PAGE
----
Etymology
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Words related to bode

*bheudh- 

Proto-Indo-European root meaning "be aware, make aware."

It forms all or part of: beadle; bid; bo tree; bode; Bodhisattva; Buddha; forbid; foreboding; ombudsman; verboten.

It is the hypothetical source of/evidence for its existence is provided by: Sanskrit bodhati "is awake, is watchful, observes," buddhah "awakened, enlightened;" Old Church Slavonic bljudǫ  "to observe;" Lithuanian budėti "to be awake;" Old Irish buide "contentment, thanks;" Old English bodian "proclaim, announce; foretell," boda "messenger."

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bid (v.)

probably an early Middle English mutual influence or confusion of two old words: The sense in bid farewell is from Old English biddan "to ask, entreat, beg, pray, beseech; order" (class V strong verb, past tense bæd, past participle beden), from Proto-Germanic *bedjanan "to pray, entreat" (source also of German bitten "to ask," attested in Old High German from 8c., also Old Saxon biddian, Old Frisian bidda"ask, request command," Old Norse biðja, Gothic bidjan "request"). This, according to Kluge and Watkins, is from a PIE root *gwhedh- "to ask, pray" (see bead (n.)).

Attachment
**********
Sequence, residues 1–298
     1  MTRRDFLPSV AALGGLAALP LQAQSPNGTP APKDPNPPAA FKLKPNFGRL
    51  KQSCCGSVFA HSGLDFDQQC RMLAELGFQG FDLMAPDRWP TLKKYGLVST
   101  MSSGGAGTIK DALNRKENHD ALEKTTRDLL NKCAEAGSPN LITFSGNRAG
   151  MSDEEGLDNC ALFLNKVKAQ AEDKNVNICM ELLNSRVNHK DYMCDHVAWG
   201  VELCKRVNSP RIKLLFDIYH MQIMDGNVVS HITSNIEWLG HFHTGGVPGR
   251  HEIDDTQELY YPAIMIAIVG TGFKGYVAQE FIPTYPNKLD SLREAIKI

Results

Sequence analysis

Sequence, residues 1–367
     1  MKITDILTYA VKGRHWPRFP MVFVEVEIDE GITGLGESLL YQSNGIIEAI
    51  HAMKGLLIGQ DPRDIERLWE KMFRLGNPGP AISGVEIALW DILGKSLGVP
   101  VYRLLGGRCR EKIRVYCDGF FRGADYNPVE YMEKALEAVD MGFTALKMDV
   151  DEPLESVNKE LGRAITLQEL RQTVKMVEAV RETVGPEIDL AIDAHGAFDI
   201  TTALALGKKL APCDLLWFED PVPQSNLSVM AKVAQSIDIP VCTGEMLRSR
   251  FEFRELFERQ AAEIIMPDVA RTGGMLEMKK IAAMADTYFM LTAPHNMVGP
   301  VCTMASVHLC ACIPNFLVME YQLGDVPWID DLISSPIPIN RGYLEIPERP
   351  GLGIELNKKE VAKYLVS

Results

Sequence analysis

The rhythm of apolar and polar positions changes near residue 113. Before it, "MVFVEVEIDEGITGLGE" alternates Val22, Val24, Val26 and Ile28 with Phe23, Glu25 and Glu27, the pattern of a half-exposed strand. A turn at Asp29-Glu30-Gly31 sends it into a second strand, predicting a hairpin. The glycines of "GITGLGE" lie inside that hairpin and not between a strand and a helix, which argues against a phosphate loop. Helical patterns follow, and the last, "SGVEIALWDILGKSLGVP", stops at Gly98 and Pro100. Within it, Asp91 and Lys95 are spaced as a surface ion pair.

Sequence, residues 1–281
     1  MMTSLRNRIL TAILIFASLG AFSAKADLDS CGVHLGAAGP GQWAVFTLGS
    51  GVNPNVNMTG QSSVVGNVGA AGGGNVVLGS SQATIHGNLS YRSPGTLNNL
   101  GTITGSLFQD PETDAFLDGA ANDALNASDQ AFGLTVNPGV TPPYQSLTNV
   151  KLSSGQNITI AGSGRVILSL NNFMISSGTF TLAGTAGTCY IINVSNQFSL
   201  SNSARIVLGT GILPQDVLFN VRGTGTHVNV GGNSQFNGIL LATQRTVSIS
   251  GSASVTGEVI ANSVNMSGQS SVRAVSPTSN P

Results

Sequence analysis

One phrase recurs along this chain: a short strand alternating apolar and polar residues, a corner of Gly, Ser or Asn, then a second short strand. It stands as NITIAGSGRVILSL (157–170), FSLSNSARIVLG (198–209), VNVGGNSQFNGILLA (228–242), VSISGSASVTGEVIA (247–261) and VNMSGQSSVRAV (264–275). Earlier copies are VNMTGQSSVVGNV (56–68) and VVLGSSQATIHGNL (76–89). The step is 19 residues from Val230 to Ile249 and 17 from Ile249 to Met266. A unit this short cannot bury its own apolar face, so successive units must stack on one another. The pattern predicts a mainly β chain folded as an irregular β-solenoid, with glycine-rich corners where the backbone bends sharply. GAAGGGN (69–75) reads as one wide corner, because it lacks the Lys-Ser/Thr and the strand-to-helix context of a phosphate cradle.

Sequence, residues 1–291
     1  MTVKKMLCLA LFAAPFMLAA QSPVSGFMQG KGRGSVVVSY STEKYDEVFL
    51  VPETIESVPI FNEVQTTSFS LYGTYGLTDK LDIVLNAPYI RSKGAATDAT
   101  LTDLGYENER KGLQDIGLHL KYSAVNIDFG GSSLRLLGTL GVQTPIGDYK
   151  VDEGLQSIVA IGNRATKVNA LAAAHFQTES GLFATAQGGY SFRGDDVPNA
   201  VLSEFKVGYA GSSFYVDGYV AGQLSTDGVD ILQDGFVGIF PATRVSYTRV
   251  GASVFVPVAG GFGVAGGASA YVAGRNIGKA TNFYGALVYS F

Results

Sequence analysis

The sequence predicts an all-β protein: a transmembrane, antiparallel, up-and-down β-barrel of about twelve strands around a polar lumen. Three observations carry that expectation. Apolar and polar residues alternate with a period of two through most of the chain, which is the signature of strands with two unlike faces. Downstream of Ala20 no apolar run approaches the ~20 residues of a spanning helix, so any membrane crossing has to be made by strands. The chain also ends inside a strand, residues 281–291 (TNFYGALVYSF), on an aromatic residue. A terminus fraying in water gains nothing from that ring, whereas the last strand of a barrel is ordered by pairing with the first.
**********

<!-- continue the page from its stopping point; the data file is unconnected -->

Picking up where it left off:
To bid at an auction, meanwhile, is from Old English beodan "offer, proclaim" (class II strong verb; past tense bead, past participle boden), from Proto-Germanic *beudanan "to stretch out, reach out, offer, present," (source also of German bieten "to offer," Old High German biatan, also Old Saxon biodan, Old Frisian biada, Old Norse bjoða, Gothic anabiudan "to command"). This is (with a shift of meaning) from PIE root *bheudh- "be aware, make aware" (source also of bode (v.)).

forebode (v.)
"feel a secret premonition," especially of something evil, c. 1600, from fore- + bode. Transitive meaning "announce beforehand, presage," especially something undesirable, is from 1660s. Intransitive sense "to presage" is from 1711. Related: Foreboded; foreboding. Old English forebodian meant "to announce, declare."
foreboding (n.)
late 14c., "a predilection, portent, omen," from fore- + verbal noun from bode. Meaning "sense of something bad about to happen" is from c. 1600. Old English equivalent form forebodung meant "prophecy." Related: Forebodingly.